|Byron, we're still looking into some of these things.|
I'm sorry to hear that you wouldn't lose any sleep over SOLO disappearing tomorrow. I think if you really find so little value in SOLO, we're probably not going to expect large contributions from you anyway. Those who find value in it, and live by the trader principle, find ways to contribute. Sometimes financially.
As far as seeing what your money is going towards, you can pay to keep the site hosted for another month. Or, if you want to make a donation for a something more specific, you can write me.
Also, maybe I'm misunderstanding the whole tax deduction thing. When you donate to a non-profit, the government doesn't tax you on it. So if you gave TOC $100, and say your tax rate was 25%, you wouldn't be charged the $25. At the end of the day (actually tax year), TOC gets $100, and you only had to spend $75. The incentive given to non-profits is that they are essentially more efficient for donations.
Now, since SOLO isn't a non-profit, if you gave us $100, you'd still have to pay the $25 dollars. But if you pay us $75 dollars, it comes out to the same spending on your part, but we only get $75 dollars, instead of $100.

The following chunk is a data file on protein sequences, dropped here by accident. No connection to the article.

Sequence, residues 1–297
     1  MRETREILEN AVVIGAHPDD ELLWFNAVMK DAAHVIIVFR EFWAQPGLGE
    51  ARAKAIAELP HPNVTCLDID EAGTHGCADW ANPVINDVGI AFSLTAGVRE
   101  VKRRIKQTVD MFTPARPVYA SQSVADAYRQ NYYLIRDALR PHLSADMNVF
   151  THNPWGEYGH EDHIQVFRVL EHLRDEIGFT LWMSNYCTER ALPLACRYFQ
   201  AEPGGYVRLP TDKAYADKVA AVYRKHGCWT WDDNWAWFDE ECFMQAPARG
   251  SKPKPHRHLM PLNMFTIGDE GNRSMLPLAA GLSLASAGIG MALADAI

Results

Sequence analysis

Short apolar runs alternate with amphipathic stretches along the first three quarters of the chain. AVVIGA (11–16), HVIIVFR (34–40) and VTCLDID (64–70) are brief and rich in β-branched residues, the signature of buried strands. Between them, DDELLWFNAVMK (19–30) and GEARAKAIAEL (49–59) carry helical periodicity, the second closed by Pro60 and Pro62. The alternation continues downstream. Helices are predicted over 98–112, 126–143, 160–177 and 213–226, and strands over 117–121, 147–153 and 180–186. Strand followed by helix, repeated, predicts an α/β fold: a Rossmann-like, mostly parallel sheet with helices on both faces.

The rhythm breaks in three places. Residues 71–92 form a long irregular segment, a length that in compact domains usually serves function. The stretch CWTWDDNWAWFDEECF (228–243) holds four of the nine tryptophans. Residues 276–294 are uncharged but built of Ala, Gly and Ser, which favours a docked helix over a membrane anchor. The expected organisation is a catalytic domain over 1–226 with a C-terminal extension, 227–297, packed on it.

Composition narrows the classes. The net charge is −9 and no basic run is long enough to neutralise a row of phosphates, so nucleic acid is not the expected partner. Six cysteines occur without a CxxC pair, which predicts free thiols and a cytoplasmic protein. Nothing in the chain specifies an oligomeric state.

Given that tax scenario, your donation is more efficiently given to TOC by a ratio of 100:75, or 4:3. Sounds fine. But that assumes TOC is the equivalent of SOLO. If they are, then 4:3. If SOLO is say twice as good as TOC as far as you're concerned, then you the ratio change to 100:150, or 2:3. It then becomes more efficient to donate to SOLO. Four times better than TOC? 100:300, or 1:3. If you think TOC is pretty much worthless, the ratio keeps getting better in our favor.
There's some added complexity, of course. If you don't donate enough in a year, than you can't itemize your deductions, and that pushes it to a 1:1 ratio with SOLO (assuming no preference in organizations).
That's my tax lesson for the day. Comments?